Good luck with whatever you decide!



answers from Tampa on

You don't say what you job is....does it even lend well to being part-time? It sounds like you are set on taking the internship, and I understand that. Come up with a proposal and see if your current job is willing to accomodate that. If not, then I guess that you have to move on...



answers from Denver on

My advice would be to go in as prepared as possible. Explain why you need to go part time. But then have a plan for how your job would function at part time and why this can work for the company. Look at it from their perspective. They need to know that productivity or job performance will not suffer. If you can show them that you have thought about this and come up with ways to ensure that your job will not suffer, then you probably have them best possibility for going to part time. Good luck.



answers from New York on

I would likely give four weeks notice of this. However, I think it would be important to know, are there other employees who have switched from a fulltime to a part time schedule in the past? If your company has a record of being supportive of this arrangement, you can likely tell sooner and not be as fearful of your job, but if you think they may opt to let you go and replace you, don't leave yourself without employment for a long period of time that you cannot afford. Good luck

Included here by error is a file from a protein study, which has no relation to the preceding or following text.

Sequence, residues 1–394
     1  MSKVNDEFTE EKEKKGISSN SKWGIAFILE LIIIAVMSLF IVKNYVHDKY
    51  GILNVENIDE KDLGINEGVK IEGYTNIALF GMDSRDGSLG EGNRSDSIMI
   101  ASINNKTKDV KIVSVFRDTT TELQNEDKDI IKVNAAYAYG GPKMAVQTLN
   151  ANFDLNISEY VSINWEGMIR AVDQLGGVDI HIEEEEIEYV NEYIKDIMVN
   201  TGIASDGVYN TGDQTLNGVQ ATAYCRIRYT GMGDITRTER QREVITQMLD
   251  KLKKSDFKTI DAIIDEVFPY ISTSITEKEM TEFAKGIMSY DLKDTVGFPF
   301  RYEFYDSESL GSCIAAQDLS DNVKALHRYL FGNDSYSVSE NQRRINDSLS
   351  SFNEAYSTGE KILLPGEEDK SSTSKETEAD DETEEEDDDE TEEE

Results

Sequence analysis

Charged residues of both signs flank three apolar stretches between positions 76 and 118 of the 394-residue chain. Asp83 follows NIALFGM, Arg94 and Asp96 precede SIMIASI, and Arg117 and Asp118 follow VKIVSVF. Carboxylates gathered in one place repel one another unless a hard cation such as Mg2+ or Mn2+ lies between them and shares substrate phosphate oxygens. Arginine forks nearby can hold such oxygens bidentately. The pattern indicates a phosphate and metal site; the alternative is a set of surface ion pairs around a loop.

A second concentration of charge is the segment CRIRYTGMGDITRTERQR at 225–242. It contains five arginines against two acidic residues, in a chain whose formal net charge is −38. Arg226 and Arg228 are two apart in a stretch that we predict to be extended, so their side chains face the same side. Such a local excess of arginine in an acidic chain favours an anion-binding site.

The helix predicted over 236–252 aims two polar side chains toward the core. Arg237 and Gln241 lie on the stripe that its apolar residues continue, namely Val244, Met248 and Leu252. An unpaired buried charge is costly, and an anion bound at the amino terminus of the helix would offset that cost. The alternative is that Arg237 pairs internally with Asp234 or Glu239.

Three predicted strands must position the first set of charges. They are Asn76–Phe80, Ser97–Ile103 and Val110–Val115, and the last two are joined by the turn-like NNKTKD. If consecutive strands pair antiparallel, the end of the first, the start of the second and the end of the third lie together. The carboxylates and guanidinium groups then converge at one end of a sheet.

answers from Santa Barbara on

Does the internship have anything to do with your current job? Will this be of benefit to them in the end? If you are just going to do an internship and then leave, what is the benefit for the company? That is how you are going to have to present it.

Can you do the 20/hour week internship and still work full time? I don't know your industry but 60 hours/week is a slow for me.

If your current company doesn't have a part time position, you are simply not capable to do the job you were hired for so I don't see how unemployment would be an option. You chose the internship...why would you want to be let go except for unemployment (not cool in my opinion).

Talk to them six weeks or so before you start the internship and have a written plan on how to make this work. Be prepared for a "no" and looking for a part time job or another full time job with different hours.


answers from Redding on

Let them know what's up and provide them with your solutions... and then keep your fingers crossed.